Their answer is that “fully privatizing all bus transit would generate cost savings of approximately $5.7 billion, or 30% of total U.S. bus transit operating expenses,” and that’s what would generate the social welfare benefits in terms of higher ridership.
The upside to cutting fares by cutting costs, of course, is that instead of having spent a bunch of money to reduce fares, you reduced fares essentially “for free” and can still make new public investments.
When considering this proposal, though, I do think it’s important to really hear what they are saying. I first saw this article years ago thanks to Tyler Cowen, who wrote it up as “we should do more to privatize bus systems.” If you’ve ever been to a major European city, you might be interested to know that across the pond it’s very typical to have privatized transit operations. An urban transit agency in Europe typically acts as a regulator and, to an extent, a payor of bus companies, but it does not own buses or employ bus drivers. This is an interesting philosophical difference about how to think about managing public services. But if you think about privatized bus operations in Denmark, you’re still talking about Denmark with strong unions and collective bargaining in all sectors of the economy. It’s a management tweak.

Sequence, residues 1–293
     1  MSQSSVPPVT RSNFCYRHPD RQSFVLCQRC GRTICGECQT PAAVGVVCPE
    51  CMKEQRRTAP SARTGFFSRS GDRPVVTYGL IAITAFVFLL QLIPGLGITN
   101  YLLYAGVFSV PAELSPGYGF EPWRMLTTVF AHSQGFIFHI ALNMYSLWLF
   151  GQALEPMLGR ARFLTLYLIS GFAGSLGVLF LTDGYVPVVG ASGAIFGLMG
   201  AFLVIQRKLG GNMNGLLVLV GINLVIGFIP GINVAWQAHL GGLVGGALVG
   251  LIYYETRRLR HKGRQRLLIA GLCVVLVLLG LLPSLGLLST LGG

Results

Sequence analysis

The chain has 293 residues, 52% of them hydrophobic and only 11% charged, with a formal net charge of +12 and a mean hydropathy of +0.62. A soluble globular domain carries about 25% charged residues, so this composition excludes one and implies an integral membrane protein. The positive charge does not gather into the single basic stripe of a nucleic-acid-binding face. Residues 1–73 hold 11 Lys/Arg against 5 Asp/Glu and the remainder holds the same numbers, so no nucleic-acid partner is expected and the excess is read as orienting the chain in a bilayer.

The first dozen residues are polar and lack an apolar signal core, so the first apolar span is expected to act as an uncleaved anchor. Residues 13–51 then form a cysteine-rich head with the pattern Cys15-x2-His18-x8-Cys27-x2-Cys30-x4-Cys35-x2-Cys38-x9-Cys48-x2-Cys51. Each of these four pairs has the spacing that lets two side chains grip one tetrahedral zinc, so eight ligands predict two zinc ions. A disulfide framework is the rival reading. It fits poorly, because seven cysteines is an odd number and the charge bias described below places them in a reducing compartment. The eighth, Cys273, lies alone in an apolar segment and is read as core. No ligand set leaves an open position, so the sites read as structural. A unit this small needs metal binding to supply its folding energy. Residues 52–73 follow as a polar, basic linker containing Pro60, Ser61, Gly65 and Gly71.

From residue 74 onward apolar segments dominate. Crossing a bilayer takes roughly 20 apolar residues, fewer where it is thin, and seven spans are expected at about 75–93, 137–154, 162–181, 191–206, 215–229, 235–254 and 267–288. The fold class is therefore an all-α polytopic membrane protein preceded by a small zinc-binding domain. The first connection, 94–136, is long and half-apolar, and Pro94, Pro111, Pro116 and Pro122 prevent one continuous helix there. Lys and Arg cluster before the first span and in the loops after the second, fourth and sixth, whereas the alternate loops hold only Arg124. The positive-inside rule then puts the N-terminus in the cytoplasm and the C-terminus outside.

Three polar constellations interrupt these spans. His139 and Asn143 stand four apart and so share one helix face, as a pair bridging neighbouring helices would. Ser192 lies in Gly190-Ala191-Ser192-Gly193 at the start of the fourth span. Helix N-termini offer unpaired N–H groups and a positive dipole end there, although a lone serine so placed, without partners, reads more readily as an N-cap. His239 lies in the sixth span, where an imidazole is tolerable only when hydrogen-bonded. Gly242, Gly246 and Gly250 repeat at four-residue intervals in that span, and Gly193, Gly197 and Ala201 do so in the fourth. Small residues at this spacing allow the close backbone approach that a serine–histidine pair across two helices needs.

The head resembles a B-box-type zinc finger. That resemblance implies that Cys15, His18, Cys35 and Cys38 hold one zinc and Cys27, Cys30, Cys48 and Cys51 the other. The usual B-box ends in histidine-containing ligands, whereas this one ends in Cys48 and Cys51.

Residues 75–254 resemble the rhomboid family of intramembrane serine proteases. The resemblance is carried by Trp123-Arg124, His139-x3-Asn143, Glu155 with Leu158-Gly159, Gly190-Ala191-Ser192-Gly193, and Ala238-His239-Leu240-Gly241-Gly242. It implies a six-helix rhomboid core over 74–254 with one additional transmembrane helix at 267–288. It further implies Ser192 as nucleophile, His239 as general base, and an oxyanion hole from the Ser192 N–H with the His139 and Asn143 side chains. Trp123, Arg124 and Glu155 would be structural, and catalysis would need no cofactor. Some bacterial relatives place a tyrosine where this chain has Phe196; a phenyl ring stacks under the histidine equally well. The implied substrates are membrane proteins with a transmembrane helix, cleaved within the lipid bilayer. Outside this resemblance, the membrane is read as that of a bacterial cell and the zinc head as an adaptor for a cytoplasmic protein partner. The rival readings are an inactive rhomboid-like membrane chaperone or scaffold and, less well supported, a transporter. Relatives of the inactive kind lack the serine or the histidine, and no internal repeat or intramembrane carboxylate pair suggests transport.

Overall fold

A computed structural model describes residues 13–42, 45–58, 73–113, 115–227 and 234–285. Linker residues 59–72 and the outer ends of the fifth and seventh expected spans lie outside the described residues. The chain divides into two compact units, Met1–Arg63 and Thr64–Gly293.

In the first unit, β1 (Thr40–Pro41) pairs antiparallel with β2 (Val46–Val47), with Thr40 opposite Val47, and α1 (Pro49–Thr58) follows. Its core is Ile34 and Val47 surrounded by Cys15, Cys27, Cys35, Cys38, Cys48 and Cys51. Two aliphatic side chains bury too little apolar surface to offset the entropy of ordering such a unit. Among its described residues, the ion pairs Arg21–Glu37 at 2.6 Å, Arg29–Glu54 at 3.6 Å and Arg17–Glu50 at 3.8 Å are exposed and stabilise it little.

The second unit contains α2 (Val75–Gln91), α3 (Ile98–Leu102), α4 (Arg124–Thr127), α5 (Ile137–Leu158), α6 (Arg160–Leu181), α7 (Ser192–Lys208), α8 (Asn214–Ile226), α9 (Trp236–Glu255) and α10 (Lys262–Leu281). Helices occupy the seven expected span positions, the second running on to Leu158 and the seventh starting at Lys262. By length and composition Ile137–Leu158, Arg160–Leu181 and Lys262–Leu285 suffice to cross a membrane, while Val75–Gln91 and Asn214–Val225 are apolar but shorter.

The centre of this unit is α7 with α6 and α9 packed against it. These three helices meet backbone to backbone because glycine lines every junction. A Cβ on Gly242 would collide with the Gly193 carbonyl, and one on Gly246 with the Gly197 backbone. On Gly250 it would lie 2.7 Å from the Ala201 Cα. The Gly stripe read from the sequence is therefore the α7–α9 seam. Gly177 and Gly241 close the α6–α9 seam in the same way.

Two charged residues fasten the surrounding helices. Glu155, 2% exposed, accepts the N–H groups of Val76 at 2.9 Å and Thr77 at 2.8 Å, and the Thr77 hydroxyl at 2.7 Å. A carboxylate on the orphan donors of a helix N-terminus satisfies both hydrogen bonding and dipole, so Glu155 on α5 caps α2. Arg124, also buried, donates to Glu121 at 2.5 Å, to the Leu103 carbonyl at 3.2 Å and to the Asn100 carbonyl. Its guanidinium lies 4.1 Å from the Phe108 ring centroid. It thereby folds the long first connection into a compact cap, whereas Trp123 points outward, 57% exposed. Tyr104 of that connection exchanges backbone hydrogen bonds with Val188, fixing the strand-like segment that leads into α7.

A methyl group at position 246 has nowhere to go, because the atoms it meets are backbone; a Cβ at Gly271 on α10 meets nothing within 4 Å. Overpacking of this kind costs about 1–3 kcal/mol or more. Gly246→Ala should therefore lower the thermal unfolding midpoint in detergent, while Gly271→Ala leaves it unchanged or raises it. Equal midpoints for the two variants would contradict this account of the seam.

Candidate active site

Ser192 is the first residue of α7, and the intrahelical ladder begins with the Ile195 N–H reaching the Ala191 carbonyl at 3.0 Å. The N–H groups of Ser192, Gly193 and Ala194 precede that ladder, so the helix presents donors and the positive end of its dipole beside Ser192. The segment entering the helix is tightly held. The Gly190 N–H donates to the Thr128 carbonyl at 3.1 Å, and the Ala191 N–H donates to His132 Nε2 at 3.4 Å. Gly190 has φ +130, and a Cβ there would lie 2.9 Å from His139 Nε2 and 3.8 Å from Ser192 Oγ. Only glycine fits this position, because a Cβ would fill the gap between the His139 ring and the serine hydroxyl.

The Jerch/Kahn/Li paper is not really saying the private companies bring some magic new efficiency to the bus task, just that, in the American context, you can normally replace unionized workers with non-union workers who you pay less by contracting out your public service. It sounds a lot less high-minded that way, but it does potentially work.
Land use is everything
But ultimately, the most important factor in transit ridership is land use.
One thing the Transit Center document revealed was that many low-income riders had stopped using transit because rising rents pushed them out of the transit-rich neighborhoods. This is the exact same problem with improving urban public schools or any service. Lower-income people are more likely to use public services and more likely to benefit from improved public services, but not if the improvements just cycle back in the form of higher rent. You need to be able to actually add more housing in the locations that have become more desirable due to improved services.